National Fisherman

CHARLESTON — A commercial crab fishing season that was delayed for two weeks is drawing mixed reviews in the opening days. The quality of crab is great, experts say, but for fishermen and processors the season may be just average.
 
The season was delayed two weeks, after preseason testing showed the crab needed a little more time to fill with meat. It started at 12:01 a.m. Monday, after a pricing agreement was reached last Wednesday through annual state-supervised negotiations.
 
Oregon Dungeness Crab Commission Executive Director Hugh Link said the price opened at $2.65 a pound, but without a locked-in time so that it can change as market conditions warrant.
 
Oregon Department of Agriculture Business Development Manager Jerry Gardner, who along with staff supervised the negotiations, noted that this was the eighth time in the past 11 years the bargaining process has achieved a mutually agreeable opening price. This year’s price reflects a 15 percent increase over last year’s negotiated agreement.
 
“I congratulate everyone involved for working hard to find common ground and get the job done in time to get this important fishery underway,” Gardner said.
 
Terms, negotiated between the state’s five port crab marketing associations and five seafood processors, have been reviewed and formally ratified by ODA Director Katy Coba, as required by statute.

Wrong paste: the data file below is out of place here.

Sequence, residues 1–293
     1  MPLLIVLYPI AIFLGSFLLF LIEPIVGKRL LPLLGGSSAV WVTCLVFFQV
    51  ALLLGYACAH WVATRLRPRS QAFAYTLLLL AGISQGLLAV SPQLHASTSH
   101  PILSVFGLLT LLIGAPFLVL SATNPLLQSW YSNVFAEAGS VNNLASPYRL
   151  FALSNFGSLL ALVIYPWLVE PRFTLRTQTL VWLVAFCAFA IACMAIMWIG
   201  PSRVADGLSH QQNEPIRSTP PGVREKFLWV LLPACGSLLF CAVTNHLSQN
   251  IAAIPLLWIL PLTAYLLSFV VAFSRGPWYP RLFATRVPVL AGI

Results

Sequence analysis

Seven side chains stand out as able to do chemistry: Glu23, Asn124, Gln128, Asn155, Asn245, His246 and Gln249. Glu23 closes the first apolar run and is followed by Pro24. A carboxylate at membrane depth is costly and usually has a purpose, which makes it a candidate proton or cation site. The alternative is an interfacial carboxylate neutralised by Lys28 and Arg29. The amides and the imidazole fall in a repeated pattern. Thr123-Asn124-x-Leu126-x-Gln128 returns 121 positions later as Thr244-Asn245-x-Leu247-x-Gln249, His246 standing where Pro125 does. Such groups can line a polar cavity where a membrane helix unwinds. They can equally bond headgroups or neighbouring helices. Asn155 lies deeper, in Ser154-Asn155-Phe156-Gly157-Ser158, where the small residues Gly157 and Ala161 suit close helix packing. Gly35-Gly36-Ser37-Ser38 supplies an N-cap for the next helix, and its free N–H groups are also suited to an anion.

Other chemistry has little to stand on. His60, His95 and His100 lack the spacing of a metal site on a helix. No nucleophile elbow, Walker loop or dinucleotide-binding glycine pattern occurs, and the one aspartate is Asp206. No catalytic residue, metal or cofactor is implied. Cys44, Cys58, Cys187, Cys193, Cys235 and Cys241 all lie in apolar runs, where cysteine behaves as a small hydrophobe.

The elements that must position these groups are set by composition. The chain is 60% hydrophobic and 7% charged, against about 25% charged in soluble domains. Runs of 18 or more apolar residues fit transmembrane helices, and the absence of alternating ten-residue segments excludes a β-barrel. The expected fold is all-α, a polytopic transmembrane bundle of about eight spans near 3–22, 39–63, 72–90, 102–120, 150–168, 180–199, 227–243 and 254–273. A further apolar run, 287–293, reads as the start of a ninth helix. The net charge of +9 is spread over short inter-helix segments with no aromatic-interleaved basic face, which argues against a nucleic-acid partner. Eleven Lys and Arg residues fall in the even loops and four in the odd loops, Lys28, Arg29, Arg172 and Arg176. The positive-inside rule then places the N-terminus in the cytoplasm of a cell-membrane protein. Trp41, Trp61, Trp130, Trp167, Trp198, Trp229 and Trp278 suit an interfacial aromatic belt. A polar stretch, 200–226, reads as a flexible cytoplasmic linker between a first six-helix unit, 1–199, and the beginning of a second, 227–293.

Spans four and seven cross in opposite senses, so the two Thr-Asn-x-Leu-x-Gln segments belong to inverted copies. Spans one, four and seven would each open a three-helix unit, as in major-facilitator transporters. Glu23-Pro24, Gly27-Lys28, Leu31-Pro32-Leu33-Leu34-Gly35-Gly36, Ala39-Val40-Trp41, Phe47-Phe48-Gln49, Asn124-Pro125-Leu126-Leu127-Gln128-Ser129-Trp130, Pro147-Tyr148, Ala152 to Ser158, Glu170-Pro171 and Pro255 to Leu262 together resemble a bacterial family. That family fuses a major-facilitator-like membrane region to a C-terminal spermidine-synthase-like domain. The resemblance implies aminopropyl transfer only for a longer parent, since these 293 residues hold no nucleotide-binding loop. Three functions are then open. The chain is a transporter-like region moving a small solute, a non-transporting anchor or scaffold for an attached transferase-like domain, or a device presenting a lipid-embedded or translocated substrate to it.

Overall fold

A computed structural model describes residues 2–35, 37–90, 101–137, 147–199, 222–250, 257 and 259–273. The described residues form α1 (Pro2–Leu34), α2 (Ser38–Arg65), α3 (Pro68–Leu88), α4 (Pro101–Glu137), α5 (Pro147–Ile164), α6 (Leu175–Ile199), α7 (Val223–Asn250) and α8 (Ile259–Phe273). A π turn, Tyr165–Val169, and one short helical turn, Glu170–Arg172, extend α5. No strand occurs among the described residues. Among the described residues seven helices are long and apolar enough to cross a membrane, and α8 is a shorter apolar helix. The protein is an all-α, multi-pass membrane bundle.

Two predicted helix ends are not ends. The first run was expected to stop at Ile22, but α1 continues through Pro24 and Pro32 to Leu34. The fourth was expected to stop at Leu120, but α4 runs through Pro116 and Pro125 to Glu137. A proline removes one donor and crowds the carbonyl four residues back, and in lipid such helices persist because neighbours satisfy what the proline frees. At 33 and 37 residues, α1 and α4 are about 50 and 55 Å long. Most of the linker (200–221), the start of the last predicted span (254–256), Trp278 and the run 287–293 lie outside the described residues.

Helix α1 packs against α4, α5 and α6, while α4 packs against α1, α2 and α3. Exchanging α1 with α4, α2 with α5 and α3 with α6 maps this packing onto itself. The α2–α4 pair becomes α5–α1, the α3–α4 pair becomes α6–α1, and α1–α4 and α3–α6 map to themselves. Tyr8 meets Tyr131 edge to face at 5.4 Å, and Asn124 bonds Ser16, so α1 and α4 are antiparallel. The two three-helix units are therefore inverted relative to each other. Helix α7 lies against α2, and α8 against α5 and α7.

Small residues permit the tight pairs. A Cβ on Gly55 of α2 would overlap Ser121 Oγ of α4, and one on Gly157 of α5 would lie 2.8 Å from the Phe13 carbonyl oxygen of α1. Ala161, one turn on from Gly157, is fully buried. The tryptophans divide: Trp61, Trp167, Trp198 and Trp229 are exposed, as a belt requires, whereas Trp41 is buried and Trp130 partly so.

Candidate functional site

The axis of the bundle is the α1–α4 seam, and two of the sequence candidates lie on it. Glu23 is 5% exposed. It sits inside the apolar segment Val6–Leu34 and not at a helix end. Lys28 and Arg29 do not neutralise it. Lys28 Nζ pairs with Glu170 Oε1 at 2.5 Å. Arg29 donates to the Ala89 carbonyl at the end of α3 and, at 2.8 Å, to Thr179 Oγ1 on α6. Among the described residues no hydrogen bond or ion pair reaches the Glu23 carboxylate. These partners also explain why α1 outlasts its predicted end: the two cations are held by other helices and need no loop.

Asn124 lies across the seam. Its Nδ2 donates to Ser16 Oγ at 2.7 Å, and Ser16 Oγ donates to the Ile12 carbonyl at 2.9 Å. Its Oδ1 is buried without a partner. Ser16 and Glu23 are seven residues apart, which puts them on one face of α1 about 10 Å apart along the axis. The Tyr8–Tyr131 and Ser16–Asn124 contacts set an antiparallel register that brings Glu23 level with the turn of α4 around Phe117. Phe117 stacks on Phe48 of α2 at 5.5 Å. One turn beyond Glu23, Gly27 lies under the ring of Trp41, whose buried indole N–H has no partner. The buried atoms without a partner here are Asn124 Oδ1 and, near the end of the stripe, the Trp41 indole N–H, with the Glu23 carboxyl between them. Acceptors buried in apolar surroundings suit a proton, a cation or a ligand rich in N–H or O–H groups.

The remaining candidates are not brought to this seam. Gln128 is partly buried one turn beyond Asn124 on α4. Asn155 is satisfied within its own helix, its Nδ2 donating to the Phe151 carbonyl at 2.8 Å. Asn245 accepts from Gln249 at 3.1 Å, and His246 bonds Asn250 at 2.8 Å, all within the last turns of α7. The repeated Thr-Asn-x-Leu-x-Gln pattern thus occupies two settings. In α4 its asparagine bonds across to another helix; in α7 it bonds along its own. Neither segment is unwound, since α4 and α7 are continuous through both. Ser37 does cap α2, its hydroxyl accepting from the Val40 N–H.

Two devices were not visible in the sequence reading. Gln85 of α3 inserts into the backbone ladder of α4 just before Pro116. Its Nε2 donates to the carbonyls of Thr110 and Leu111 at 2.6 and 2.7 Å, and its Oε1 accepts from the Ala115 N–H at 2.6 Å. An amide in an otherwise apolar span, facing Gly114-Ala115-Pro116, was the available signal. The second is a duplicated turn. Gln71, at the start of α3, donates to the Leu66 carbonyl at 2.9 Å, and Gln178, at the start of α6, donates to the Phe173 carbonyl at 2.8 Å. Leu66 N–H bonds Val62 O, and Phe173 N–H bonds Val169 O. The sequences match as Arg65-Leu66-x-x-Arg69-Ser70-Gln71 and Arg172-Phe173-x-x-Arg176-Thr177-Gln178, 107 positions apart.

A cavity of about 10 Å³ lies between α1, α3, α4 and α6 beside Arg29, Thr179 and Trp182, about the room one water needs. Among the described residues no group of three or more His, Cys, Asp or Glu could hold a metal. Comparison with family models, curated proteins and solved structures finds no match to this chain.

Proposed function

As of Tuesday afternoon Hallmark Fisheries production manager Scott Adams said that price was still holding.
 
Read the full story at the Coos Bay World>>

National Fisherman Live

National Fisherman Live: 3/10/15

In this episode, Online Editor Leslie Taylor talks with Mike McLouglin, vice president of Dunlop Industrial and Protective Footwear.

National Fisherman Live: 2/24/15

In this episode:

March date set for disaster aid dispersal
Oregon LNG project could disrupt fishing
NOAA tweaks gear marking requirement
N.C. launches first commercial/recreational dock
Spiny lobster traps limits not well received

Inside the Industry

The Gulf of Maine Research Institute is partnering with restaurants throughout the region for an Out of the Blue promotion of cape shark, also known as dogfish. Starting Friday, July 3 and running until Sunday, July 12, cape shark will be available at each participating restaurant during the 10-day event. Cape shark is abundant and well deserving of a wider market.



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As a joint Gulf of Mexico states seafood marketing effort sails into the sunset, the program’s Marketing Director has left for a job in the private seafood sector. Joanne McNeely Zaritsky, the former Marketing Director of the Gulf State Marketing Coalition, has joined St. Petersburg, FL based domestic seafood processor Captain’s Fine Foods as its new business development director to promote its USA shrimp product line.

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